Since the independence of Niger in 1960, Nigerien armed forces have played a prominent role in the country’s history, either because of their recurrent “nonpolitical” interventions in the political arena or based on their involvement in the stabilization process of the Sahel and the fight against terrorism. Nigeriens have lived under civil, military, and authoritarian regimes, experienced four coups d’état (1974, 1996, 1999, and 2010), four political transitions, nine presidents, and have voted on seven constitutions. The Nigerien population lived under military rule for 23 out of 60 years following independence. Thus, Nigerien contemporary politics cannot be analyzed without a sound understanding of the Nigerien Army, how the institution became an “entrepreneur politique,” and how institutional, economic, and social factors may encourage the intervention of a nonpolitical institution in the political arena. Politics and the military are definitely connected in Niger. Each coup has had a different motive. The 1974 military coup is one of the many successful military seizures of power that occurred in Africa in the 1960s and 1970s. This first “praetorian” intervention resulted from intramilitary and domestic factors and lasted 17 years under the rule of Seyni Kountché and his successor Ali Saibou. The second intervention in politics occurred in 1996 and also resulted from institutional factors and the inability of the newly elected authorities to overcome their divisions. The 1996 coup d’état was a classic case: a time-limited military intervention using violence to convert itself into a civilian regime. In 1999 the army overthrew a military regime, whereas in 2010 militaries put an end to the democratically elected president’s shift toward authoritarianism. In 2010, the shift in the security situation in the Sahel marked the armed forces’ return to strictly military functions, such as national defense and security and providing support for external operations. Consequently, the security situation in the Sahel strip deteriorated and the major economic and social challenges of the poorest country in the world were neglected. This has led to recurrent political and social tensions that reinforce the fact that addressing the basic needs of the people is as, important as Niger’s security policy.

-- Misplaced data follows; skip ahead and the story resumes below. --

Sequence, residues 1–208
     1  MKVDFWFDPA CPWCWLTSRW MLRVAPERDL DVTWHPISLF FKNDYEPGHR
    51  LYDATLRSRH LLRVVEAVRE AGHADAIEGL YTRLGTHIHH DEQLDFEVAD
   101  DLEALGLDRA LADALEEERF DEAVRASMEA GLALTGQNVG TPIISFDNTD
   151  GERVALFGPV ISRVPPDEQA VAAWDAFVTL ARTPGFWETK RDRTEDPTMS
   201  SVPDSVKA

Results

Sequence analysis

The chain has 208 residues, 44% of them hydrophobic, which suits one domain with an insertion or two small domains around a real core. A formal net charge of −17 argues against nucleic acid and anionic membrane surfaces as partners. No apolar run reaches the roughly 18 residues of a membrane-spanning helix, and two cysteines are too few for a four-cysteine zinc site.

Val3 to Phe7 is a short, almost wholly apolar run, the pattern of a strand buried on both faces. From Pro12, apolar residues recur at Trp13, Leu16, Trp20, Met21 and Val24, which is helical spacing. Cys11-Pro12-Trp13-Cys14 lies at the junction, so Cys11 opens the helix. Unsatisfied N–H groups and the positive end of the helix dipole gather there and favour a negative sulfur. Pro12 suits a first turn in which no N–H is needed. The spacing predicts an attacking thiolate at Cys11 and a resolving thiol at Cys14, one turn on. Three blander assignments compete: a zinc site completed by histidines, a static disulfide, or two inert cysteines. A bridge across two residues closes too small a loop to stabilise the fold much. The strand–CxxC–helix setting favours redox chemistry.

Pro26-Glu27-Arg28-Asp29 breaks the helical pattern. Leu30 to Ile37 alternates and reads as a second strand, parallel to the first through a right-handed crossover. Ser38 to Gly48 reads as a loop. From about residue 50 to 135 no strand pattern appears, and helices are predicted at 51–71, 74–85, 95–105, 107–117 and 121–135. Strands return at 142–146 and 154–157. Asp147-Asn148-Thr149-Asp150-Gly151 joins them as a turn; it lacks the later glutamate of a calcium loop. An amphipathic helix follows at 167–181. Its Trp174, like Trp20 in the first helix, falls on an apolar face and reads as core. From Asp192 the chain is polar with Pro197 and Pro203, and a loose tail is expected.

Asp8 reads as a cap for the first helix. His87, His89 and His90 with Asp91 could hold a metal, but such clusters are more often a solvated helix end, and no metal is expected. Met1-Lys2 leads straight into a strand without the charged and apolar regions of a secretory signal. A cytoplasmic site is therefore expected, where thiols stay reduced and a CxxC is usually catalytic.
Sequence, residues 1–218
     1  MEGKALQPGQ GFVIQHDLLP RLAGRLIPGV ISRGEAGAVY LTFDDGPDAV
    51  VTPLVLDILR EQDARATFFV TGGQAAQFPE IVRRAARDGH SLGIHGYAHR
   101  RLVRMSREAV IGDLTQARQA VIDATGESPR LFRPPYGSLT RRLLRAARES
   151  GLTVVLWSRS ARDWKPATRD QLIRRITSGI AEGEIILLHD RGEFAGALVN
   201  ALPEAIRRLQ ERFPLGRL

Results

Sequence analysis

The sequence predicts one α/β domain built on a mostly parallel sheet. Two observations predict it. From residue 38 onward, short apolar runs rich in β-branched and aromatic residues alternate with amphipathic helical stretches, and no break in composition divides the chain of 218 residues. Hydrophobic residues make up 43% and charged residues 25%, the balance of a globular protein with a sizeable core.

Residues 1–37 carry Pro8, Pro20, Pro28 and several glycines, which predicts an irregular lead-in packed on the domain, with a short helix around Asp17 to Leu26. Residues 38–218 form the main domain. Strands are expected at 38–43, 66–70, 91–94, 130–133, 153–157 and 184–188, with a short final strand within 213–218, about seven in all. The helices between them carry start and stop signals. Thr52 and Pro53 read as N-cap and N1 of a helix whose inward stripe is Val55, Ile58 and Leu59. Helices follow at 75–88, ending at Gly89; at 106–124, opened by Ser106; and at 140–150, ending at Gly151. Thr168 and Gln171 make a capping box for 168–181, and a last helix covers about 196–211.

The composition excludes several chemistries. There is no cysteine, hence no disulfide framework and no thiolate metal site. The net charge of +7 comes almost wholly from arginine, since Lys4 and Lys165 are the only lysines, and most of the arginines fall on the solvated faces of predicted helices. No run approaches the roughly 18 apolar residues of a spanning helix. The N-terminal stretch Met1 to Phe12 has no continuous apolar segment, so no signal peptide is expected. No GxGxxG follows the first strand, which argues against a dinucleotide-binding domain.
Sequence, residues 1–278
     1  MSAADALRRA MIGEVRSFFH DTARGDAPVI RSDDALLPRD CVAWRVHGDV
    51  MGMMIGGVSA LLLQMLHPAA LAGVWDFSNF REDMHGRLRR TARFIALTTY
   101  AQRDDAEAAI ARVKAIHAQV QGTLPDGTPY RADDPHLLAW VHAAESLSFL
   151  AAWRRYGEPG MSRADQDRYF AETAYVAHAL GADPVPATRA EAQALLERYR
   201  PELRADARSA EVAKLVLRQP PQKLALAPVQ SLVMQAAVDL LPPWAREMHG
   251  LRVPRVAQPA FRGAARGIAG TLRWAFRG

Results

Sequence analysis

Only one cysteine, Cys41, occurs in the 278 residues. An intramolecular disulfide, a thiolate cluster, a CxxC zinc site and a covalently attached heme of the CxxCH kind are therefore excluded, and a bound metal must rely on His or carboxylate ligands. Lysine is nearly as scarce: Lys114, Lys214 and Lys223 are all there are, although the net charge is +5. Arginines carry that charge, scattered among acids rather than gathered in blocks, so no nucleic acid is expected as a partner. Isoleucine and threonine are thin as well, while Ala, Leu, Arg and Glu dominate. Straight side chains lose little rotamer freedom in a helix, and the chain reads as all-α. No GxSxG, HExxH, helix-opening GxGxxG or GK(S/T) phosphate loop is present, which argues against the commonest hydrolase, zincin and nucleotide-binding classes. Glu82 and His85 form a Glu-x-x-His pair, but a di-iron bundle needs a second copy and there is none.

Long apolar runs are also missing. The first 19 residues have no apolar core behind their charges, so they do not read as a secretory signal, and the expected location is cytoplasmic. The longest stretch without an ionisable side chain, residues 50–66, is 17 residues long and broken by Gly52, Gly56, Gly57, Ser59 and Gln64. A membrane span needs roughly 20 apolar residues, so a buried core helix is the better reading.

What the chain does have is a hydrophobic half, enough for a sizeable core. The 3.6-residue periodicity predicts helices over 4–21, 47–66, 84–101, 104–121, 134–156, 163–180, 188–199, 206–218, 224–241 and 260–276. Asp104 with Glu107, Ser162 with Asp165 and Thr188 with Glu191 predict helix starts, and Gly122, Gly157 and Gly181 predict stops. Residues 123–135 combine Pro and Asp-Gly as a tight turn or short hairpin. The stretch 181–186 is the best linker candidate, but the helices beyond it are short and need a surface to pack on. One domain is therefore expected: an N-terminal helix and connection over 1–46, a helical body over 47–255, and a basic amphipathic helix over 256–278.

Generations and Political Engagement